right thumb Dark green: original signatories Green: subsequent adherents Light blue: territories of parties Dark blue: League of Nations mandates administered by parties After negotiations, the pact was signed in Paris at the French Foreign Ministry (Minister of Foreign Affairs (France)) by the representatives from Australia, Belgium, Canada, Czechoslovakia (Czechoslovak Republic (1918–1938)), France, Germany, British India
result Decisive Red army strategic victory. Start of the major Red army counter-offensive combatant1 The '''1920 Kiev Offensive''' (or '''Kiev Operation'''), sometimes considered to have started the Soviet-Polish War, ref
a number of new and essential vocational schools. It became an important cultural centre for the Polish Jews (History of the Jews in Poland) with a Zionist (Zionism) youth movement relatively strong among the city's Jewish population. Kraków was also an influential centre of Jewish spiritual life, with all its manifestations of religious observance from Orthodox (Orthodox Judaism), to Hasidic Judaism Chasidic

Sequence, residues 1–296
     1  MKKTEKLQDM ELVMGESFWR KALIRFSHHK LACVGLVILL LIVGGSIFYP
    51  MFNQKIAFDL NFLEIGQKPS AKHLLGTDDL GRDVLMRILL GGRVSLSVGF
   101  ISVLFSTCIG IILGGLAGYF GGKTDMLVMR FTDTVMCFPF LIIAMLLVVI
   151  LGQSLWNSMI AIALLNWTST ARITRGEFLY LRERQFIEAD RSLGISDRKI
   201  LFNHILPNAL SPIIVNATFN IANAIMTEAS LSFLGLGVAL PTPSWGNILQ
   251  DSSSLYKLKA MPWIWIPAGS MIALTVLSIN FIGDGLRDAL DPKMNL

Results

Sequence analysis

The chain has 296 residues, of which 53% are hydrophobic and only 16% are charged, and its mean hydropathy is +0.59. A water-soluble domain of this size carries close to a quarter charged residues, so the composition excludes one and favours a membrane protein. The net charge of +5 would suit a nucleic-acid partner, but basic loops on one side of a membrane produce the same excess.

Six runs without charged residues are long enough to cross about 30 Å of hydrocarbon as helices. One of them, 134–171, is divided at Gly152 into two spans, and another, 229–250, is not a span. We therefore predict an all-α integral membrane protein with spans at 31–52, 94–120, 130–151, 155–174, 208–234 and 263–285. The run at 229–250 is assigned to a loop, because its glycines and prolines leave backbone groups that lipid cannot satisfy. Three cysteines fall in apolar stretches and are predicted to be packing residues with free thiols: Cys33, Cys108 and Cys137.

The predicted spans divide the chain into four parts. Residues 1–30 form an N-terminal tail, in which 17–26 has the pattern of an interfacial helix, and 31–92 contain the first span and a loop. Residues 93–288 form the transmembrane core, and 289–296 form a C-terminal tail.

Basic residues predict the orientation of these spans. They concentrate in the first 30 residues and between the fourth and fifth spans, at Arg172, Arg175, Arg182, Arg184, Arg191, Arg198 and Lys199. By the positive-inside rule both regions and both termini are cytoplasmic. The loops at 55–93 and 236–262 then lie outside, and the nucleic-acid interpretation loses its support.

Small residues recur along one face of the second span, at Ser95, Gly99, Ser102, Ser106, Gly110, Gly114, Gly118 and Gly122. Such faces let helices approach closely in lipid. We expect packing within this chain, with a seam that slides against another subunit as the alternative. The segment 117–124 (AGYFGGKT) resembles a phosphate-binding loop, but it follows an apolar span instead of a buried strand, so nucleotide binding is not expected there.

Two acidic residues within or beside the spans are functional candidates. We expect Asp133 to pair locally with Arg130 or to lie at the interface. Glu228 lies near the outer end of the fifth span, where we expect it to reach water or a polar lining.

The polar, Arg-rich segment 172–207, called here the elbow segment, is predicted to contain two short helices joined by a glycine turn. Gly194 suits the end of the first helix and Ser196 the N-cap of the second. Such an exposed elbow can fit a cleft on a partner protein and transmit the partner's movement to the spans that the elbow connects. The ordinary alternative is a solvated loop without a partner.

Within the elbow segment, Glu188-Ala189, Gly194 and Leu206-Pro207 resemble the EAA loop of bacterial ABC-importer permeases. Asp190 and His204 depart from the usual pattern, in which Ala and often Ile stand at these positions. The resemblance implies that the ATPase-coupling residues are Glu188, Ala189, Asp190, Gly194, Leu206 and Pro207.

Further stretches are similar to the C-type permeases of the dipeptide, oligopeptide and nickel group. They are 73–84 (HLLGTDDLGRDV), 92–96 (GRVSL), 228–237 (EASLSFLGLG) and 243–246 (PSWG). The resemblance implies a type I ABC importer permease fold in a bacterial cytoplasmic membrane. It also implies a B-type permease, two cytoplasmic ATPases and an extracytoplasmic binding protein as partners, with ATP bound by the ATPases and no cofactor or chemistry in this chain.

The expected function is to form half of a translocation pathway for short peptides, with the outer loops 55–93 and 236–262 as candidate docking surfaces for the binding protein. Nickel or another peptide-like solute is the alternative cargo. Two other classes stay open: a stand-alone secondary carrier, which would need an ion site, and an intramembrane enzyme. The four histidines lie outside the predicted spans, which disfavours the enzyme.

and Klaipėda signed a trade agreement in April 1922. Čepėnas (1986), p. 764 In addition, Poland attempted to establish its economic presence by buying property, establishing business enterprises, and making connections with the port. Eidintas (1999), p. 92 The extension of the building not only entailed a larger exhibition space but also a depot to store artworks, an unloading platform as well as an office wing with a separate entrance. The largest exhibition hall was named after the Polish painter Jan Matejko. Another room is named after Gabriel Narutowicz, the first president of the Second Polish Republic who was assassinated at Zachęta on December 16 in 1922 by Eligiusz Niewiadomski, a Polish painter and critic. To commemorate the president and Wojciech Gerson, one of the founders of the ''Society for the Encouragement of Fine Arts'', two plaques were revealed during the gallery's anniversary celebrations in 2000. From the mid-19th century to the mid-20th century, Kiev was served by two stationary bridges. Both bridges had similar fates. Built at the times of the industrial revolution in the Russian Empire these engineering masterpieces of their time survived World War I and the Russian Civil War. Both were blown up in 1920 by the Polish (Second Polish Republic) troops retreating from Kiev following their unsuccessful armed intervention into Ukraine (Kiev Offensive). The second stationary bridge was built in 1868-1870 with the construction supervision conducted personally by Amand Struve. DATE OF BIRTH August 13, 1929 PLACE OF BIRTH Równe (Rivne), Poland (Second Polish Republic) (now Rivne, Ukraine) DATE OF DEATH April 10, 2010